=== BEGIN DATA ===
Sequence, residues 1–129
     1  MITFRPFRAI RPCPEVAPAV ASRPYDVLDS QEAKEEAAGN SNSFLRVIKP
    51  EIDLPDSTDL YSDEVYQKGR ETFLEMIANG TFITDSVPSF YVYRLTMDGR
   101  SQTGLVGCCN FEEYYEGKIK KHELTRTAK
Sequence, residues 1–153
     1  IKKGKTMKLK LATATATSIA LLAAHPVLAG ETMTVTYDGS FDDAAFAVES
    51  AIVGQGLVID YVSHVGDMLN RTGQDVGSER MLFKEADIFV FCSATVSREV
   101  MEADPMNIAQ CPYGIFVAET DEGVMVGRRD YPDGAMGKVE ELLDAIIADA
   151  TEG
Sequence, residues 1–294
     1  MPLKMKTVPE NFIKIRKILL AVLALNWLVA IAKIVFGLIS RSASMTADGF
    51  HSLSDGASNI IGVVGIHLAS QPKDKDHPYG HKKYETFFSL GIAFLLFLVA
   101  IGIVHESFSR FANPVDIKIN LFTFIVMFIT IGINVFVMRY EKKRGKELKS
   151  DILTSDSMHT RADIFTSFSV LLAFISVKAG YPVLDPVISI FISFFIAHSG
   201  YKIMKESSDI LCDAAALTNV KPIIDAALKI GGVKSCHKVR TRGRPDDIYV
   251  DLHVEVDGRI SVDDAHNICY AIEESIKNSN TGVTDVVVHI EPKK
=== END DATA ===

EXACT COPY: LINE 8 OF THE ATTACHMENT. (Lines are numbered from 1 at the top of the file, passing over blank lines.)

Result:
   101  MEADPMNIAQ CPYGIFVAET DEGVMVGRRD YPDGAMGKVE ELLDAIIADA